One can mitigate attacks of this kind by simply using secure credential management schemes and adequate secondary authentication methods. Two Factor Authentication (2FA) methods have proved to be very secure; login requires a username, password and a unique code sent to a pre-registered smartphone that expires in a few minutes. In these scenarios, a hacker has no time to perform a brute-force attack and guess both the password and the unique code.
Another critical situation is when access control issues combine with publicly available internal developer documentation. Any technical documentation about a web application has to be hidden; it should never be available on the Internet. It must be password-protected and must reject any external access attempt.
Even internal access should be restricted. Otherwise, hackers may gain access to a legitimate account and use it to elevate their privileges, find technical documentation and sensitive data, break an application or cause other damage, or even execute non-authorized activities like buying themselves airline tickets with credit cards stored in the system.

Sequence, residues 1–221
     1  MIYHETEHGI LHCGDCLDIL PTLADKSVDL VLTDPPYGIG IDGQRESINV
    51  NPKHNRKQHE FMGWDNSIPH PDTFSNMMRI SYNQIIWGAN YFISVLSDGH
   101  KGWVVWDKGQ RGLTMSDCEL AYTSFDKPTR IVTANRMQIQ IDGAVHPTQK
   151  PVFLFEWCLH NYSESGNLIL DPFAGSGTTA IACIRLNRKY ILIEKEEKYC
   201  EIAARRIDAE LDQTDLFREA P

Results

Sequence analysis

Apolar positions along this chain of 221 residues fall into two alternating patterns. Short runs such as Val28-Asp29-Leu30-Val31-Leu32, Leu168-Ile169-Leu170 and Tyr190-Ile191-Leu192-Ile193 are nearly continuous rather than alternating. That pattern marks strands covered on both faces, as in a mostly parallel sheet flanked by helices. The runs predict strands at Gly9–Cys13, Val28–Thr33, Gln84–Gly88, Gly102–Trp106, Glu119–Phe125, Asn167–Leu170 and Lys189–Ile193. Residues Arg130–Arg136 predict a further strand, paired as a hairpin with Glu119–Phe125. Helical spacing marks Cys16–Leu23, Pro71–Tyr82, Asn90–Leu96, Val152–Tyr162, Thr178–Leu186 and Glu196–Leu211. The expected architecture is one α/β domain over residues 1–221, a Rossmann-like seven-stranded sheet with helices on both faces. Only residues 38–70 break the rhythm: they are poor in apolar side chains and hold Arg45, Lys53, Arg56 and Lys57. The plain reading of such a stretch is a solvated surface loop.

A hacker using public Wi-Fi can steal user data just by sitting nearby in a Starbucks, Dunkin’ Donuts, hotel lobby or other public venue. Known as “sniffing,” capturing all the data transiting a public Wi-Fi network is relatively trivial for an attacker but also easily preventable. The most obvious solution is to avoid using corporate devices on open Wi-Fi networks.
When working from home, or traveling for business, employees naturally use applications that are part of a company’s proprietary systems. It is imperative to enable multiple encryption mechanisms that encode the traffic between the device and company’s servers, thus making traffic interception useless for an attacker. However, even this protection method is not bulletproof. Hackers can access applications that use weak configurations for such encryption mechanisms, or that have known vulnerabilities, and easily decrypt the captured private data. Still, it is paramount to use the company’s VPN properly and thoughtfully for any online work; do not store important files on your device if you do not need to, or for any longer than you have to.